Amnesty International is extremely concerned by the dangerous lack of accountability and transparency, as well as continued abuse allegations, at the Australian-run detention centre on Nauru.
Moss Review findings
The Australian government's failure to protect asylum seekers is laid bare in the Department of Immigration’s Moss Review, released today.
Amnesty International visited the facility in 2012, but since then has written three times to the Nauruan Government requesting access. In response to the first letter, the organization was told the timing was not appropriate, while no response was received to the two later letters.
“The extent of reported sexual abuse and inappropriate behaviour by staff against asylum seekers is shocking and suggests that existing protections are ineffective or virtually non-existent,” said Graeme McGregor, Amnesty International Australia's Refugee Campaign Coordinator.
Physical and sexual abuse
In November 2014, Amnesty International wrote a letter to the Nauru Minister for Justice, David Adeang MP, and the Australian Minister for Immigration and Border Protection. The letter detailed specific abuse allegations and asked for details of procedures to protect children and adults from physical or sexual abuse and provide access to justice for survivors of such abuse.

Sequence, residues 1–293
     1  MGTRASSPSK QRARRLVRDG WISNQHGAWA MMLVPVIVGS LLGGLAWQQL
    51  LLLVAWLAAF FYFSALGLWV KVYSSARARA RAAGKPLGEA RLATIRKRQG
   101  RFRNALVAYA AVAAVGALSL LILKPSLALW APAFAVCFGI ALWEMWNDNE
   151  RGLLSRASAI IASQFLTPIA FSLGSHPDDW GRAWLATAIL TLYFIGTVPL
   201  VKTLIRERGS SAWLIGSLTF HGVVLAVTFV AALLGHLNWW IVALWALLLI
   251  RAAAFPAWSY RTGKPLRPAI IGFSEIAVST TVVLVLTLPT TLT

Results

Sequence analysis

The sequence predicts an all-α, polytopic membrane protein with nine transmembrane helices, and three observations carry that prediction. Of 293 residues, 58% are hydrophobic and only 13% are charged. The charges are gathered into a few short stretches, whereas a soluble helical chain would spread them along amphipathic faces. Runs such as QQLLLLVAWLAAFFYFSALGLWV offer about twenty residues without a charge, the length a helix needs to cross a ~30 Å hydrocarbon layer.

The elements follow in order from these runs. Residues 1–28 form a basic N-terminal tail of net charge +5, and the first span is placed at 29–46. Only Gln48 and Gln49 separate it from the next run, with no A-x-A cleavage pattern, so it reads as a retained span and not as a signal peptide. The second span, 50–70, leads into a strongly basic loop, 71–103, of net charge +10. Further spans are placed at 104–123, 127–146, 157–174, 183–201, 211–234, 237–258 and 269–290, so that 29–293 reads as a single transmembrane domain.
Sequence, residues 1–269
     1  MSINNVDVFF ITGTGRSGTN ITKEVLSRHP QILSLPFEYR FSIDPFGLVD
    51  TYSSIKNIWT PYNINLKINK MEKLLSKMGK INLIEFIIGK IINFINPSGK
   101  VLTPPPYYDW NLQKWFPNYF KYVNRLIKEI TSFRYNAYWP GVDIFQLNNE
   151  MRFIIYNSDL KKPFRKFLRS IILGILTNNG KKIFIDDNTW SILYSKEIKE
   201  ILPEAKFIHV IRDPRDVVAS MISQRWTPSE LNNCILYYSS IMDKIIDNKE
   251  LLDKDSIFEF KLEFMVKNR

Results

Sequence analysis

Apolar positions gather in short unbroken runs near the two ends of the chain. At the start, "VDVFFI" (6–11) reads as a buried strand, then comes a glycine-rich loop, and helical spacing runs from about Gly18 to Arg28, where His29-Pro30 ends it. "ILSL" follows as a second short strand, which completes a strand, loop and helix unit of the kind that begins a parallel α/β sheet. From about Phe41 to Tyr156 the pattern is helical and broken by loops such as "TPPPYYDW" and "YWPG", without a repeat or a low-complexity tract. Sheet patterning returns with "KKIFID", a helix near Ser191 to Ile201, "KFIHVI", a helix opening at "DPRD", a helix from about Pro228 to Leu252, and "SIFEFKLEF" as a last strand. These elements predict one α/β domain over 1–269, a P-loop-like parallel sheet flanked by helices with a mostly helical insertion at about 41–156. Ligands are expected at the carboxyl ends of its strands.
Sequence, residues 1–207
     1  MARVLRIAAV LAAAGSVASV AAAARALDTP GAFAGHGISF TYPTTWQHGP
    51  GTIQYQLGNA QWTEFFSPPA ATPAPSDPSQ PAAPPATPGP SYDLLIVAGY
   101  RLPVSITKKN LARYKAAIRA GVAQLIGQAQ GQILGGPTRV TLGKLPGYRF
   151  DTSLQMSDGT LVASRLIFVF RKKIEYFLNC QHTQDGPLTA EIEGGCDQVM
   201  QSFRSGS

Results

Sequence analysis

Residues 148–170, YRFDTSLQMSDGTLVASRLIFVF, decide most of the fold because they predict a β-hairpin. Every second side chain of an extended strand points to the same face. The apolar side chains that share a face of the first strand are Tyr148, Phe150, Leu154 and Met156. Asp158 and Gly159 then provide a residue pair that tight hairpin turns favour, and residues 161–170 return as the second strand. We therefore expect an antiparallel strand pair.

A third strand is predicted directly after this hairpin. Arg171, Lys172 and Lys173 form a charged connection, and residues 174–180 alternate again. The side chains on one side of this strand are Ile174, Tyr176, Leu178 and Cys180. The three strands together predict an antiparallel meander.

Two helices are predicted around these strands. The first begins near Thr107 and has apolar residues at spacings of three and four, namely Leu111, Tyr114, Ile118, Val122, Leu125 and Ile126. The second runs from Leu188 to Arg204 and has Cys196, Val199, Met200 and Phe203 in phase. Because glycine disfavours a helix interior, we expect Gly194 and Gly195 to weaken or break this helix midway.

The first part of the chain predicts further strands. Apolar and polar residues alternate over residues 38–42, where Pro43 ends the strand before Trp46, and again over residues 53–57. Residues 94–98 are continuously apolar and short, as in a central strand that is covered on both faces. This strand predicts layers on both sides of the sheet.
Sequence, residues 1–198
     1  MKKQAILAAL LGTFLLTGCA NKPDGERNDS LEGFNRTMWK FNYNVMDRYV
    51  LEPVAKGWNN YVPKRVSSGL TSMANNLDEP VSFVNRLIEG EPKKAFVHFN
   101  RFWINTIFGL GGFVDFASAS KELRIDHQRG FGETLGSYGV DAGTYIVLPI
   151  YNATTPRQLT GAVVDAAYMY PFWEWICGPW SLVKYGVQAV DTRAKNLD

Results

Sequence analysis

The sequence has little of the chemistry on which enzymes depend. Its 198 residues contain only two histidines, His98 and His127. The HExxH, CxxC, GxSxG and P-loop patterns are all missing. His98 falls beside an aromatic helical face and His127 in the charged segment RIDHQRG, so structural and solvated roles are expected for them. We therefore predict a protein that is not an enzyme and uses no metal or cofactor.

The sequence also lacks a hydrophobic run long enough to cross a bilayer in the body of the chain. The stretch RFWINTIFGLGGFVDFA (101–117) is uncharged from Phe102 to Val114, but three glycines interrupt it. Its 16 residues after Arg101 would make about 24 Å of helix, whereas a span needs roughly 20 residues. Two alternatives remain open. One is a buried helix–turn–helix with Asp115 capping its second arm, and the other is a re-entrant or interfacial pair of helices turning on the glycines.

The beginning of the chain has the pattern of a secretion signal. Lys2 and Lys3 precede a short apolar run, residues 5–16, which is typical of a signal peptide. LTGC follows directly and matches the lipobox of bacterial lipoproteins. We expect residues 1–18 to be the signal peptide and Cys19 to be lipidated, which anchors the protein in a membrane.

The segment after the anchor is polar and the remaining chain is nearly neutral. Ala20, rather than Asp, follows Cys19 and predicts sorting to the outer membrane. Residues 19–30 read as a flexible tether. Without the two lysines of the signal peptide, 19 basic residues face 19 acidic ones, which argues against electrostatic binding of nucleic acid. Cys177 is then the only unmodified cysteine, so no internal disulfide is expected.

“Our last letter remains unanswered by both governments. This inaction is further detailed in the Moss Review, which outlines that local Nauru Police have limited capacity to investigate sexual assault.
The extent of reported sexual abuse and inappropriate behaviour by staff against asylum seekers is shocking and suggests that existing protections are ineffective or virtually non-existent.
“These findings bolster the argument against offshore detention and prove once more that these people must be taken to the Australian mainland as a matter of urgency.
“The Moss Review also details that it is not clear what action Police have taken to investigate serious allegations of abuse reported to them by service providers.
“This inquiry reports that many asylum seekers said they hadn’t reported abuse because they lost confidence anything would be done. Sadly, their concerns are supported by the evidence in the report.
“Nauru Police must be resourced to deal with survivors of sexual abuse including children. This includes forensic services to investigate sexual assault; resources they are currently lacking.
Failure to protect children
“The Review also recommended the Australian Department of Immigration and the Nauruan Government must take into account the personal safety and privacy of asylum seekers when making decisions. The report suggests that this has not been the case since the detention centre was reopened in 2012.
“International laws requires that the best interests of the child come first and this clearly isn’t the case in the Australian government’s decision to send children to Nauru. Immigration detention is never in the best interests of the child.
“The damage is done. Since 2012, Australia's detention centre on Nauru has failed to protect asylum seekers, including children. This government can ensure this does not happen again, by closing it for good,” Mr McGregor added.